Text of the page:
The Philanthropy Roundtable is pleased to announce the selection of Bruce and Suzie Kovner as the 2016 recipients of the William E. Simon Prize for Philanthropic Leadership. The Simon Prize honors the ideals and principles that guided Mr. Simon’s giving, including personal responsibility, resourcefulness, volunteerism, scholarship, individual freedom, faith in God, and helping people to help themselves.
Bruce Kovner was born in Brooklyn, New York, to a Jewish family shaped by the immigrant experience; his grandparents fled to the United States to avoid pogroms in Poland and Russia in the late nineteenth century. He was raised in southern California. While Mr. Kovner’s parents were not able to complete their educations, they invested in their son, and he went on to attend Harvard as an undergraduate and a Ph.D. candidate, studying under Edward Banfield, James Q. Wilson, and Daniel Patrick Moynihan.
In 1983, he founded Caxton Associates, a global macro hedge fund which grew to manage $14 billion in assets. At Caxton he became known as a leader of the quant revolution, recruiting excellent minds in science and math regardless of their background in finance (or lack of it). Mr. Kovner retired in 2012 to focus on philanthropy with his wife, Suzie. A passionate advocate for education and the arts, Mrs. Kovner was inspired by her grandfather, Edgar Fairchild, a successful business leader who was committed to helping students pursue more academic opportunity than was available to him.
Mr. Kovner began supporting school-choice initiatives more than 20 years ago by funding private vouchers for disadvantaged kids, working for charter-school legislation, and supporting charter-school networks. Since 1996, the Kovner Foundation has focused on education reform, promoting excellence in the arts and education, defending private enterprise and individual rights, and funding scholarly work that strengthens democratic principles.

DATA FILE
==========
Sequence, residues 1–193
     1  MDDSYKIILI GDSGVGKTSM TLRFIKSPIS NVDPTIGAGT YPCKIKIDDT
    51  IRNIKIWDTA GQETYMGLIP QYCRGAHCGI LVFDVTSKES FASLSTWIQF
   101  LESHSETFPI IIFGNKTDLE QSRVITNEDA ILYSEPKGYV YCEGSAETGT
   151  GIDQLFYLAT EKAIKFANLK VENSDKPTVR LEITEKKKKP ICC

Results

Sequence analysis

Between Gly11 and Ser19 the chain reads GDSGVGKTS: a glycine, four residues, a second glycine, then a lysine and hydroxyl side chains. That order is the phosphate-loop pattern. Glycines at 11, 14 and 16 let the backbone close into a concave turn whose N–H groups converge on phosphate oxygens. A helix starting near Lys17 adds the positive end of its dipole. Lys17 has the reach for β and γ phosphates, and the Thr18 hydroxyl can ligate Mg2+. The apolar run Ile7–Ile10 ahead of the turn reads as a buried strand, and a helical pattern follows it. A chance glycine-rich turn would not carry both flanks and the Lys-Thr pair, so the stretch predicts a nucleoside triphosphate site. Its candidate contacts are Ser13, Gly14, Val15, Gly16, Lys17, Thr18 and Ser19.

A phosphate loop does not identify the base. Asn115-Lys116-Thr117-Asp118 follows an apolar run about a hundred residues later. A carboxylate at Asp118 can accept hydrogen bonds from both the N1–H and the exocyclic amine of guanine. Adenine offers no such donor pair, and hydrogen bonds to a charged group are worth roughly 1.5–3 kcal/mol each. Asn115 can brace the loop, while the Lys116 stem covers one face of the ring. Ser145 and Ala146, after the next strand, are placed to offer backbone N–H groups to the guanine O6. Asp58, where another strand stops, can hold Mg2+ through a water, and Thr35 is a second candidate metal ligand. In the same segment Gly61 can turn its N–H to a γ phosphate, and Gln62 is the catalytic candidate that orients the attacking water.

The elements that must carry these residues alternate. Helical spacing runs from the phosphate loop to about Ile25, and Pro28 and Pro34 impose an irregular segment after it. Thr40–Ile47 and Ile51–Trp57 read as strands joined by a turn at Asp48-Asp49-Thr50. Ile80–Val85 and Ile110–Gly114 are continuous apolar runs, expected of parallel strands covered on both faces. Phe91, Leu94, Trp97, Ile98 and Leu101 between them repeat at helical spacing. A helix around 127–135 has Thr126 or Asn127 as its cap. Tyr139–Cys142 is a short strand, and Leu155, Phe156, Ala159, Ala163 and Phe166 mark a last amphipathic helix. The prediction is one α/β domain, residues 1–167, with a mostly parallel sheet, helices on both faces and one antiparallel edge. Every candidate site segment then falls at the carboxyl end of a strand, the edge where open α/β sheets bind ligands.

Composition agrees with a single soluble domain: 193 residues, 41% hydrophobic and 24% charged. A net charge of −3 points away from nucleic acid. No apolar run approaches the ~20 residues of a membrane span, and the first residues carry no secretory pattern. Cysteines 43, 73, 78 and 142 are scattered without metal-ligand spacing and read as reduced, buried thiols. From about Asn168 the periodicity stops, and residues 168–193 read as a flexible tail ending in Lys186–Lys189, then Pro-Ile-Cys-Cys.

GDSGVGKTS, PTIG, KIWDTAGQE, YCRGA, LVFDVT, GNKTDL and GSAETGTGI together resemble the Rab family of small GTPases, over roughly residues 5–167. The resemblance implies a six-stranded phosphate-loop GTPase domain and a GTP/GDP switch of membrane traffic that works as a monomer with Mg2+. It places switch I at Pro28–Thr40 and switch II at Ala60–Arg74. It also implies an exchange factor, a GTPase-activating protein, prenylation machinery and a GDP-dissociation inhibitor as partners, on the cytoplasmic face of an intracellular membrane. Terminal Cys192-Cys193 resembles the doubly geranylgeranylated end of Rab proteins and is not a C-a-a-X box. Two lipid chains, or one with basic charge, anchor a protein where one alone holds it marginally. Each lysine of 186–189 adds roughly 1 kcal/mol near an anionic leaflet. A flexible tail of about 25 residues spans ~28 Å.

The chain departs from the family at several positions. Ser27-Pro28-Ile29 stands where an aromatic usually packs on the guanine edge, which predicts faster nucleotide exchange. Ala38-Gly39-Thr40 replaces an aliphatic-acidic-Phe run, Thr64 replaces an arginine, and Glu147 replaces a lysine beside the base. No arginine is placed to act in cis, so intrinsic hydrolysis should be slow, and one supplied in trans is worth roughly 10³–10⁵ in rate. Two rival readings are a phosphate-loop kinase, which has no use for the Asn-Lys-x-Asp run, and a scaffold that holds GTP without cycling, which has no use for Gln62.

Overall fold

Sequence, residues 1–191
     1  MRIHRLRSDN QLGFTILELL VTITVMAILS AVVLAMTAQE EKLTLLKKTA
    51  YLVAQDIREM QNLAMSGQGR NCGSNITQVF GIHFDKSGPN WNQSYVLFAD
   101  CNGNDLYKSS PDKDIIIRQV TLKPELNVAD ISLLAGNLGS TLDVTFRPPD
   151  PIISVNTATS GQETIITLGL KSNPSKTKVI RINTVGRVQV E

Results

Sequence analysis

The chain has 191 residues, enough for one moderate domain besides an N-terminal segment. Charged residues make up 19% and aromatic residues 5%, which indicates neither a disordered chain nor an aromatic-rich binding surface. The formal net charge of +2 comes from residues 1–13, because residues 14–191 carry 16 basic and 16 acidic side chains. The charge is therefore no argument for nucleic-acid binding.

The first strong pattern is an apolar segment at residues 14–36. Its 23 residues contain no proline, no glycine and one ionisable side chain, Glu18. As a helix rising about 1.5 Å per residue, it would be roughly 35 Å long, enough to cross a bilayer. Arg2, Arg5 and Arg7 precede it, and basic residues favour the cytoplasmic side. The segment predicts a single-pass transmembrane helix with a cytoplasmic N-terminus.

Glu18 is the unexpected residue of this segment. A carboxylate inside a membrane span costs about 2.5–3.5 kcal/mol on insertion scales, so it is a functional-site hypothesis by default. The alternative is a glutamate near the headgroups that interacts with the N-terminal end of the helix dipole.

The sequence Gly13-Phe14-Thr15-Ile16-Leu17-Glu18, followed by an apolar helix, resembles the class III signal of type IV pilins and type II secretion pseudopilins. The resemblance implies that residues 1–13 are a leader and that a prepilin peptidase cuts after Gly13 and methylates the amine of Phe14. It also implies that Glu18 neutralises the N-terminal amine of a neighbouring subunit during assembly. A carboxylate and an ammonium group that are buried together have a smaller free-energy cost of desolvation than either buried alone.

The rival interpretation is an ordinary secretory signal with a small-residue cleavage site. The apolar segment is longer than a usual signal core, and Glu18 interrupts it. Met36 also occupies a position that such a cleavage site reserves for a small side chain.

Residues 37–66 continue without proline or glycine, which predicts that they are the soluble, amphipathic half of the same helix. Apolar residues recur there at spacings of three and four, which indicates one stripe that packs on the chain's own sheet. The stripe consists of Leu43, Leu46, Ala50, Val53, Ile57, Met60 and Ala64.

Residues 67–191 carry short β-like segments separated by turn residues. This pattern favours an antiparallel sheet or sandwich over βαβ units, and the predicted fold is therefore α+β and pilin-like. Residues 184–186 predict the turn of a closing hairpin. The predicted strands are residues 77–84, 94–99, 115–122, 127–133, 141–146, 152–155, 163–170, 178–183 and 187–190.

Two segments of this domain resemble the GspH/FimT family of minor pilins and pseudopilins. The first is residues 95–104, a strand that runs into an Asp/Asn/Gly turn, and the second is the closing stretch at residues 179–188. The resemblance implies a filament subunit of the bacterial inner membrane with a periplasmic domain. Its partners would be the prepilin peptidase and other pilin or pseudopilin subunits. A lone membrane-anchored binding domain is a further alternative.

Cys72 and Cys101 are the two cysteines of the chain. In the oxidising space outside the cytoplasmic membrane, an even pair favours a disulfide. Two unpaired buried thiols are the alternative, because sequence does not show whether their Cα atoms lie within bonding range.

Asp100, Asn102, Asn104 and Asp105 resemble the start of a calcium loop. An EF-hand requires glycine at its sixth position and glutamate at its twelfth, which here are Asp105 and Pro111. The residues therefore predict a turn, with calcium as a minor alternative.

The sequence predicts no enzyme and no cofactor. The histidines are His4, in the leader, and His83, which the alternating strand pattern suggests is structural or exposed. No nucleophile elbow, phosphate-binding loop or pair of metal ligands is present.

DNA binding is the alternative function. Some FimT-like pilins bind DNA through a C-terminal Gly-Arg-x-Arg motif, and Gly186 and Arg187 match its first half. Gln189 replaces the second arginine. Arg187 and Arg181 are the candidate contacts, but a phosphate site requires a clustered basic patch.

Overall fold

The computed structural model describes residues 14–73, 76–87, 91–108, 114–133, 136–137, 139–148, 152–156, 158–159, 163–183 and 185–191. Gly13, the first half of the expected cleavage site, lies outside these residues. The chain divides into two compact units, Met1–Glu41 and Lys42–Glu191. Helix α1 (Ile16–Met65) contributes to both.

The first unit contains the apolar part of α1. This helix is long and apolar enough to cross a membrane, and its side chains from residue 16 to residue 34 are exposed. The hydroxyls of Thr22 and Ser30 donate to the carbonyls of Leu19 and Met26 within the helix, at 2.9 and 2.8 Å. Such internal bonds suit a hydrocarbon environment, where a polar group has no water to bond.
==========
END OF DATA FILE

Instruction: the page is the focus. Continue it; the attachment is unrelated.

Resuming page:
“I was lucky enough to have had the opportunity to meet Bill Simon years ago when he was in the Nixon administration,” says Mr. Kovner. “We have long been admirers of his work in government, business, and philanthropy. We feel particularly honored by the prize because of our strong connection to the principles he worked for throughout his life: free enterprise, individual freedom, and helping those who want to help themselves. Our work for education reform, reducing poverty through strong economic growth, and supporting innovative policy research reflects these shared ideals. We also share his view that taking leadership roles in organizations we support can sometimes be particularly helpful in accomplishing our goals.”
Since 2001, Mr. Kovner has served as the chairman of the board of the Juilliard School and also serves as vice chairman of the Lincoln Center for the Performing Arts. He serves on the boards of the Metropolitan Opera and American Enterprise Institute (where he was chairman for six years), and was formerly on the board of the New York Philharmonic. Mrs. Kovner is a director of Success Academy Charter Schools and Thanks USA, a trustee of Carnegie Hall, and leader of the advocacy group for Ensemble ACJW, a Carnegie Hall and Juilliard School effort that supports young professional musicians as they build their careers. In 2002 she established the first U.S. office of the National Theatre of Great Britain and is currently a member of the Board of the American Associates. She is also a sustaining member of Memorial Sloan-Kettering Cancer Center’s administrative board.
Previous winners of the William E. Simon Prize for Philanthropic Leadership include David Weekley, Jon Huntsman Sr., Eli and Edythe Broad, Bernie Marcus, Charles Koch, Roger Hertog, Phil and Nancy Anschutz, Rich and Helen DeVos, Dr. Ben Carson, the late Sir John Templeton, and the late John Walton. The prize includes a $250,000 award, payable to the charity designated by the winner.
The Kovners will be honored on November 16 at the Charleston Place Hotel in Charleston, South Carolina, during a special luncheon at the 2016 Annual Meeting of The Philanthropy Roundtable.